The stark differences between the current solar minimum and the previous one offer a unique opportunity to develop new constraints on mechanisms for heating and acceleration of the solar wind. We have used a combination of numerical simulations and analysis of remote solar and in situ observations to infer that the coronal heating rate, H, scales with the average magnetic field strength within a coronal hole, Bch. This was accomplished in three steps. First, we analyzed Ulysses measurements made during its first and third orbit southern and northern polar passes (i.e., during near-solar minimum conditions) to deduce a linear relationship between proton number density (np) and radial magnetic field strength (Br) in the high-speed quiescent solar wind, consistent with the results of McComas et al. (2008) and Ebert et al. (2009). Second, we used Wilcox Solar Observatory measurements of the photospheric magnetic field to show that the magnetic field strength within coronal holes (Bch) is approximately correlated with the strength of the interplanetary field at the location of Ulysses. Third, we used hydrodynamic simulations to show that np in the solar wind scales linearly withH. Taken together, these results imply the chain:H ∞ np ∞ Br ∞ Bch. We also explored ideas that the correlation between np and Br could have resulted from interplanetary processes, or from the superradial expansion of the coronal magnetic field close to the Sun, but find that neither possibility can produce the observed relationship. The derived heating relationship is consistent with (1) empirical heating laws derived for closed-field line regions and (2) theoretical models aimed at understanding both the heating and acceleration of the solar wind.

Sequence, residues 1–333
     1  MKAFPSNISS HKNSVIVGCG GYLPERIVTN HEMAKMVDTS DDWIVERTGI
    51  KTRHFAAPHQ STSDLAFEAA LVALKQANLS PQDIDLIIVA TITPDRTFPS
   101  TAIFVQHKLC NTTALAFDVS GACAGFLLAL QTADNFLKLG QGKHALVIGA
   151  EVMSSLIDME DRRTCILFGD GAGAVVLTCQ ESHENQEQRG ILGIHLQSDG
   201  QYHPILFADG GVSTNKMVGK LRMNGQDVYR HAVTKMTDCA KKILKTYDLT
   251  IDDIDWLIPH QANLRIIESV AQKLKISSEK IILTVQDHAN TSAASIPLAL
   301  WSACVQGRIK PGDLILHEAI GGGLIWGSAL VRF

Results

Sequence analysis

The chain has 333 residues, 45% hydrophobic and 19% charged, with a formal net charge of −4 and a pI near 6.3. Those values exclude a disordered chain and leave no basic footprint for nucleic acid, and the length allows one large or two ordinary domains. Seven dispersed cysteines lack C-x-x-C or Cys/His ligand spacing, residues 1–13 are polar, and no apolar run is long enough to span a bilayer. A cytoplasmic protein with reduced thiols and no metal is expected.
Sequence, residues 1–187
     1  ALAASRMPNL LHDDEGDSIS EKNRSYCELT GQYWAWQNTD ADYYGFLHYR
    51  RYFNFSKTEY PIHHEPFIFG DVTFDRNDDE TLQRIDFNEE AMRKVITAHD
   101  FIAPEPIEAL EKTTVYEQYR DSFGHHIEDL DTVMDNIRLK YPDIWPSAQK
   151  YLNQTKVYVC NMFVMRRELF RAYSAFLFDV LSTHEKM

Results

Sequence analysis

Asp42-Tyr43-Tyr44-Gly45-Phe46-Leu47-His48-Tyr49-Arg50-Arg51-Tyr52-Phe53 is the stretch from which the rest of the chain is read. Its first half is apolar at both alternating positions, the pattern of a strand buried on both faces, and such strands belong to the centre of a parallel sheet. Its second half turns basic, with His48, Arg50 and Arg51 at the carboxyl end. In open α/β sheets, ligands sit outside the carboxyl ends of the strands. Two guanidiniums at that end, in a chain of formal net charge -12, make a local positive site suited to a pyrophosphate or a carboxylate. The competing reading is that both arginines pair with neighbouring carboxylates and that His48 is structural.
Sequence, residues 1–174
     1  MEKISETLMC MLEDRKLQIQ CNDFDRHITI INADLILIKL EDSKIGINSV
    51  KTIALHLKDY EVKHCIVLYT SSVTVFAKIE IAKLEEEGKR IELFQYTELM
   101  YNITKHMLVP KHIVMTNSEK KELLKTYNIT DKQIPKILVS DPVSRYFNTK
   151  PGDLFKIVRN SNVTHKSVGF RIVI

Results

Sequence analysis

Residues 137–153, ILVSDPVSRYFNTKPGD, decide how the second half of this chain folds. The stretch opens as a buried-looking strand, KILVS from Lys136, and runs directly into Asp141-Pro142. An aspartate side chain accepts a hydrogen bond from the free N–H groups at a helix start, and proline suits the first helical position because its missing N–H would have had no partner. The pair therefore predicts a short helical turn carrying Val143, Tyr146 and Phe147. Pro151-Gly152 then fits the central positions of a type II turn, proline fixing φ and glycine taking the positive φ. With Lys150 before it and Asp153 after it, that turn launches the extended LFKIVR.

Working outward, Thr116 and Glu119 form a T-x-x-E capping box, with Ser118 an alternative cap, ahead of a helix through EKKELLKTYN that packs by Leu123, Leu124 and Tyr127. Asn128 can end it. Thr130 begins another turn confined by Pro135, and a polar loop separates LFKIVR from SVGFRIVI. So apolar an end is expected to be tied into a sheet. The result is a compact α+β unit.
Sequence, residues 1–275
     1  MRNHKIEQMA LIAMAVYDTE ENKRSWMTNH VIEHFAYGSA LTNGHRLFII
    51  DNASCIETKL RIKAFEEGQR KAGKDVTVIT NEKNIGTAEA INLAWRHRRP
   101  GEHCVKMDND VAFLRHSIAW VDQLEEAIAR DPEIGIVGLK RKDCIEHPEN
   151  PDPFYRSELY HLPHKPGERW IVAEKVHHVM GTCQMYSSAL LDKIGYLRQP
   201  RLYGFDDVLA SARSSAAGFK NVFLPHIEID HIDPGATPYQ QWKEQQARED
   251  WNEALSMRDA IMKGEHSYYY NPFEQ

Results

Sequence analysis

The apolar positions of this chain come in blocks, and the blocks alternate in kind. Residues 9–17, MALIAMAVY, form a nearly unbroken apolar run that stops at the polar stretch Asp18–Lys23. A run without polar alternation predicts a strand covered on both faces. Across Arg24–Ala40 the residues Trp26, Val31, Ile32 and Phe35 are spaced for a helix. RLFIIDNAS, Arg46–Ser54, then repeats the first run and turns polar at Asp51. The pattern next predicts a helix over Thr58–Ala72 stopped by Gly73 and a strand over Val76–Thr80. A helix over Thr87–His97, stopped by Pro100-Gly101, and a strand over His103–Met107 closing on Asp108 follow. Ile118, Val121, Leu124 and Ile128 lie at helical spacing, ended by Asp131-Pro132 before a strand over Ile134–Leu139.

All Science Journal Classification (ASJC) codes
- Space and Planetary Science